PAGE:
Armenian initiative and Davutoğlu effect

There has been for some time a “Davutoğlu effect” in Turkish foreign politics, and there has never been a time in Turkey in which a single adviser or minister has been so influential in the decision-making process.

About one year after he was appointed an adviser Davutoğlu held a press conference and announced the basic principles of a new foreign policy that would satisfy Turkey’s needs in the new international environment: zero problems with neighbors, a multi-lane, multidimensional foreign policy, a balance between freedom and security, a rhythmic diplomacy, a new diplomatic style ... He explained them one by one. At that time, all critical centers had questioned whether Turkey could really introduce such a comprehensive change of vision and whether these principles were realistic. The foreign policy performance of the last seven years saw the implementation of this vision. These principles, also mentioned in his 2001 book “Stratejik Derinlik” (Strategic Depth), were put into practice one by one. During these years, Davutoğlu, first as an adviser and then as a minister, stripped the Turkish foreign policy off its established Cold War structures and prepared it for the post-Cold War and post-9/11 world.

The new foreign policy principles Davutoğlu listed were all complementary. But one of them seemed a concise summary of all the others: “Multi-lane, multidimensional relations. Neither our relations with Europe are an alternative to the US nor our relations with our neighbors to Europe. If we regard all of them as complementary factors within the big picture, we can then develop a truly strategic vision.”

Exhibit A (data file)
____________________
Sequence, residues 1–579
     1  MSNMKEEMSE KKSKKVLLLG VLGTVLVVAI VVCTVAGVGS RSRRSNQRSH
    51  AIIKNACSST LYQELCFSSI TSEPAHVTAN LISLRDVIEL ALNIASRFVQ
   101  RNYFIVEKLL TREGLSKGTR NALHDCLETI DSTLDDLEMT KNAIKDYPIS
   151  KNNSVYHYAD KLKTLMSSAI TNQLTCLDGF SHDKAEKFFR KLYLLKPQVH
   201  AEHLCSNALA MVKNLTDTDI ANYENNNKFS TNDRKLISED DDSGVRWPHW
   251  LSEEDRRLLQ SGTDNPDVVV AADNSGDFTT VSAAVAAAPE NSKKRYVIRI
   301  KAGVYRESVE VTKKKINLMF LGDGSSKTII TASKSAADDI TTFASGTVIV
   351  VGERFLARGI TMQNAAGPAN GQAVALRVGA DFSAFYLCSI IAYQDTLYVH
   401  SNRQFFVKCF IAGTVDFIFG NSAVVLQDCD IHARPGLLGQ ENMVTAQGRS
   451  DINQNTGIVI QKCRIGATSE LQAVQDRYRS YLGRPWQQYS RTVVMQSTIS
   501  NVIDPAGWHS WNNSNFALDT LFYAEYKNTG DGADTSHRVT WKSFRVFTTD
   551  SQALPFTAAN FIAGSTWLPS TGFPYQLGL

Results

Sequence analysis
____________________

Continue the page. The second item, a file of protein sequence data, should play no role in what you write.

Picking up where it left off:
During this seven-year period, a Turkey that rejects a guardianship relation with the US, whose EU policies are more dynamic but never dependent, that is more flexible but also more aggressive in negotiation with respect to the Cyprus issue, that is more active in the Middle East and that is determined to reach out to Africa and Latin America and other countries has emerged.

It was Davutoğlu who provided a torch to the ruling Justice and Development Party (AK Party) in the international relations environment that has become ever complicated after 9/11 and the occupation of Iraq by the US. With many initiatives guided by him, particularly in Cyprus, Iraq and the Middle East, Turkey has earned increased respect and prestige in the international arena.

The protocols that will be signed in Zurich today are the last examples of his guidance. These protocols are the biggest success of Turkish foreign policy during recent years. It would be considerably misleading to regard the signature of these protocols with Yerevan as the mere outcome of a policy conducted with Armenia. This is also a result of the fact that many countries, especially Russia, have started to see Turkey as an independent player in its region.

Moreover, the Obama administration had the foresight to realize that Turkey’s ability to develop and conduct independent policies is producing results that are beneficial to the US. US Secretary of State Hillary Clinton intended attendance at the signature ceremony in Zurich is clearly proof of this.

Today, Turkey has become a country that can talk to all the players in the Middle East and that have direct access to information about what happens in its region. Ten years ago, we could not even dream about such relations.

Neither Davutoğlu nor other experts could do this in the Cold War era. The above-mentioned foreign policy principles could be followed only during the dynamic post-Cold War era. It is the luck of Davutoğlu and also of Turkey to become influential on the foreign policy processes in such a period.

Gürkan Zengin